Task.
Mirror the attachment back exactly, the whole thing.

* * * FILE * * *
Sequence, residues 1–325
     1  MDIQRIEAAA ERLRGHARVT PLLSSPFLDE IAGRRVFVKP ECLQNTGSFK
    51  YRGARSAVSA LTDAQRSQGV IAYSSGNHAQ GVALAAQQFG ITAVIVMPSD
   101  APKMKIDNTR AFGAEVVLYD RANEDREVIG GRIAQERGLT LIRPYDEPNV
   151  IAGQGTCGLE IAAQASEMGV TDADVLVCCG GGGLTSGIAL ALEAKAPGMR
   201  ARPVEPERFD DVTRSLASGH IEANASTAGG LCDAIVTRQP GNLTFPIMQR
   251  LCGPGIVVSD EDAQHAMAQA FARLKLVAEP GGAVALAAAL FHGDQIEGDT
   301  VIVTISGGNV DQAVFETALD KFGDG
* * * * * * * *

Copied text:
Sequence, residues 1–325
     1  MDIQRIEAAA ERLRGHARVT PLLSSPFLDE IAGRRVFVKP ECLQNTGSFK
    51  YRGARSAVSA LTDAQRSQGV IAYSSGNHAQ GVALAAQQFG ITAVIVMPSD
   101  APKMKIDNTR AFGAEVVLYD RANEDREVIG GRIAQERGLT LIRPYDEPNV
   151  IAGQGTCGLE IAAQASEMGV TDADVLVCCG GGGLTSGIAL ALEAKAPGMR
   201  ARPVEPERFD DVTRSLASGH IEANASTAGG LCDAIVTRQP GNLTFPIMQR
   251  LCGPGIVVSD EDAQHAMAQA FARLKLVAEP GGAVALAAAL FHGDQIEGDT
   301  VIVTISGGNV DQAVFETALD KFGDG